This Bahamian Art Exhibition Shows the Nation’s True Face

This Bahamian Art Exhibition Shows the Nation’s True Face
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Galerie Jumelles

Galerie Jumelles is an online Art Gallery founded by Sierra M. Bretz. Inspired by the French language and lifestyle, Sierra closed her business and her life in the US in 2021 to move to France to promote French Artists.

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An archipelago of 700 scattered islands in the Atlantic, the Bahamas might entice with the tropical promise of white sand beaches, warm turquoise waters, lively street festivals and, yes, those swimming pigs, but adventurous travelers know the real Bahamian experience — one sans cruise ships, casinos and high-rise hotels — is to be found on the Out Islands, also known as the Family Islands. Beyond the busy ports and commercial centers of New Providence and Grand Bahama, these quiet and secluded cays not only offer a much slower pace of life but a more authentic and deeper cultural understanding of the country, its people and their roots.

Similar yet different, the lived experience across the 30 inhabited Family Islands are the focus of Inter-Island Traveling Exhibition (ITE) “Thirty: Island Life Perspectives,” which just opened at the Exuma Arts Network Gallery. Featuring work from the National Collection, the ITE program is a way to bring the museum’s programming to Family Island residents and increase access to the National Collection, says Zearier Munroe-Wilkinson, community outreach officer for the National Art Gallery of The Bahamas. “We pack the artwork in wooden crates, and send it with the mail boat, which is always an experience, especially for our Exhibitions and Collections Care Associate, Richardo,” she says. For context, moving art from island to island using this unique and traditional life-support system of the Bahamas — 18 mail boats operate out of Nassau and serve communities too remote or small to receive airfreight — requires considerable planning.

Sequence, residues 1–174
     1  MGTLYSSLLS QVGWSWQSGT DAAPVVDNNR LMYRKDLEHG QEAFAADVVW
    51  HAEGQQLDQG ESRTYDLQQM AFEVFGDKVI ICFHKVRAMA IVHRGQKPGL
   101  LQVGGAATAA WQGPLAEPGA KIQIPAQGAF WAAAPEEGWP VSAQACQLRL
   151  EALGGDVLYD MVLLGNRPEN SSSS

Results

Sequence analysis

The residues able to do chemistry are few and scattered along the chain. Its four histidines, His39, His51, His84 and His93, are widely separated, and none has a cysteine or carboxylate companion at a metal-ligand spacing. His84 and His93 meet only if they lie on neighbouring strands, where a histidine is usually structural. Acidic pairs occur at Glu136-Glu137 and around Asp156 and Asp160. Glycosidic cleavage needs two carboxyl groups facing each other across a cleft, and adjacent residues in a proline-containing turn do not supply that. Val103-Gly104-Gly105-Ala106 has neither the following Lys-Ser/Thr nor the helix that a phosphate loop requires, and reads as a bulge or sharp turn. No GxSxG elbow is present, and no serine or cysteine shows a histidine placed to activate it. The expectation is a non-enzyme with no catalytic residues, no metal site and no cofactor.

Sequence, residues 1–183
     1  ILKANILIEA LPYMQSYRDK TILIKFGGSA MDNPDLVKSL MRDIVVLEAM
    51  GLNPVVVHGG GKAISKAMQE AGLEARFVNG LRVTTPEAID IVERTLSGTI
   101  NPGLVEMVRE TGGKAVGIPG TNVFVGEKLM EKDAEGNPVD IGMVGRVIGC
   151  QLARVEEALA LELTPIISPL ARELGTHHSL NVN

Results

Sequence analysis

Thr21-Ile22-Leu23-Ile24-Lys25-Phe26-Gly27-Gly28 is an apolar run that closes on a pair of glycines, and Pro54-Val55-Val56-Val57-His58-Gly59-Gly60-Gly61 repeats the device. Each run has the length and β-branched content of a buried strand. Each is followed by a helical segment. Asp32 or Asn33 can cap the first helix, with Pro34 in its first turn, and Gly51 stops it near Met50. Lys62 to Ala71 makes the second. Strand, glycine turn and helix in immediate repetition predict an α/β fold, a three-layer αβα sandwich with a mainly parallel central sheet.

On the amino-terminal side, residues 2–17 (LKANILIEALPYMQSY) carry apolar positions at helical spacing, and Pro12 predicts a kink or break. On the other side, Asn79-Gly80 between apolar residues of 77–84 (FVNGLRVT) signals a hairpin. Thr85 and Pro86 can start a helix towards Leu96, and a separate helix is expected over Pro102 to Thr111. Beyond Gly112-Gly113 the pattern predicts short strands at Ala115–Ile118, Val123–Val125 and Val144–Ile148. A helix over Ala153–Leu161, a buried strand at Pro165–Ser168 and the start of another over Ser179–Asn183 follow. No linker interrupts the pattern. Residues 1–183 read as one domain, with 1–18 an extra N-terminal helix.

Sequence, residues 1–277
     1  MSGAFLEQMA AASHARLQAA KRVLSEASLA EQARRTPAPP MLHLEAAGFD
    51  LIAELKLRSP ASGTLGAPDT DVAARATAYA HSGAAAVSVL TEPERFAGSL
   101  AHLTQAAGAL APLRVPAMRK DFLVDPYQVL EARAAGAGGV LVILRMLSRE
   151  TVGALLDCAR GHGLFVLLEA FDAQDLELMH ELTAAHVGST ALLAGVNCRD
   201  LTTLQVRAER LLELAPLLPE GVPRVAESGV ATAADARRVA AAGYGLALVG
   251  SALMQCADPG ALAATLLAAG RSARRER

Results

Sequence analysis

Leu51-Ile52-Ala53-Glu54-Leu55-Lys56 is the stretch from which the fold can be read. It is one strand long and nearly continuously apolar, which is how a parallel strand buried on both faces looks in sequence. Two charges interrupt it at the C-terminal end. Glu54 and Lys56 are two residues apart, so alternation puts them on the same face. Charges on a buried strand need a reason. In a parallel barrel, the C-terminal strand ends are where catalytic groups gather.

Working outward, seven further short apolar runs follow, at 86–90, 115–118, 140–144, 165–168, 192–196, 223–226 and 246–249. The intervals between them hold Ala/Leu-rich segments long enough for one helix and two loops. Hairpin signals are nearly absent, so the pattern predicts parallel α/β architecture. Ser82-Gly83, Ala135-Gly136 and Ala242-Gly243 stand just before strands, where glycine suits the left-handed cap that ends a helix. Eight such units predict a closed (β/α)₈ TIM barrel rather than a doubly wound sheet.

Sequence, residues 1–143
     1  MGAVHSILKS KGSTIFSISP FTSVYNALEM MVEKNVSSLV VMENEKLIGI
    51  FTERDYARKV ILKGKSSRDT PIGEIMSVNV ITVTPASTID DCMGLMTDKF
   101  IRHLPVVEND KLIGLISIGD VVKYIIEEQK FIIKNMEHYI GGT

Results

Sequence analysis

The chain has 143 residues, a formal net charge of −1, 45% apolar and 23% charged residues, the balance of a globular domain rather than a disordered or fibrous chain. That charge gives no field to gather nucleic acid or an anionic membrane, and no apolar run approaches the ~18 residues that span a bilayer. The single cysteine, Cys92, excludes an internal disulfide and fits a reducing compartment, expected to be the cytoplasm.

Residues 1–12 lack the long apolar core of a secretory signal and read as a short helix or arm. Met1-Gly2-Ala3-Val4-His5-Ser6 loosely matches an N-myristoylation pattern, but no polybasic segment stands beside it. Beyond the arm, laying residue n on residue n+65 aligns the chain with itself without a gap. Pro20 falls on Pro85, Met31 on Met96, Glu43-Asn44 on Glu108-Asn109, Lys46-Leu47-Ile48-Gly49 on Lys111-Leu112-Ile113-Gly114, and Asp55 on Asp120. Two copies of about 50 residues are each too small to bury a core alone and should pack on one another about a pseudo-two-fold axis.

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Munroe-Wilkinson curated the exhibition alongside gallery assistant Amaani Hepburn and selected work by artists from five of the islands. “The exhibition is about the national experience and everyday Bahamian life, and the studio portraits that we take to celebrate big moments like a christening or confirmation are an instantly recognizable tradition, which is why I love the print by Sanford Sawyer,” she notes. Another of her highlights is “Bishops, Bishops Everywhere and Not a Drop to Drink” by graphic artist Dionne Benjamin-Smith. “Faith is something deeply entrenched in our community here and across the Caribbean, but Dionne looks at it with a more critical eye and how it affects our lives, whether perceived as positive, negative, or somewhere in between. I like that aspect of her work,” she says. 

There is no standard Bahamian experience 

Munroe-Wilkinson — who grew up in Nassau and spent summers going back and forth between Cat Island (where her dad is from) and Andros (her mom’s island) — says the differences between each are subtle. “Food is big on every island, but it’s more the type of food. It’s common to learn to farm in Cat Island, and flour cake and fry bread are native there, too. But Andros’ cuisine is centered around crabs and crabbing — so their dishes are Bahamian-style crab and rice, crab and dough and crab soup,” she says. “I’ve never gone crabbing in Cat Island and never made flour cake in Andros.” On a mission to eventually visit every Family Island during the annual homecoming festival (a national tradition in which those born in the islands or with island roots return for a reunion with family and friends who still live there), Munroe-Wilkinson says that she always heads back to Andros for Crab Fest in June or Cat Island for the regatta in August. 

“[Thirty] will provide a very different perspective of The Bahamas than most people are used to seeing who just come here for a week and don’t stray off the beaten tourist path,” she says. “What I wanted to convey with ‘Thirty’ were these shared local perspectives, and that no matter which island you come from, you’ll find something relatable. It’s a show I’m very proud of.” 

Thirty: Island Life Perspectives runs through May 14 at the in George Town, Exuma.  

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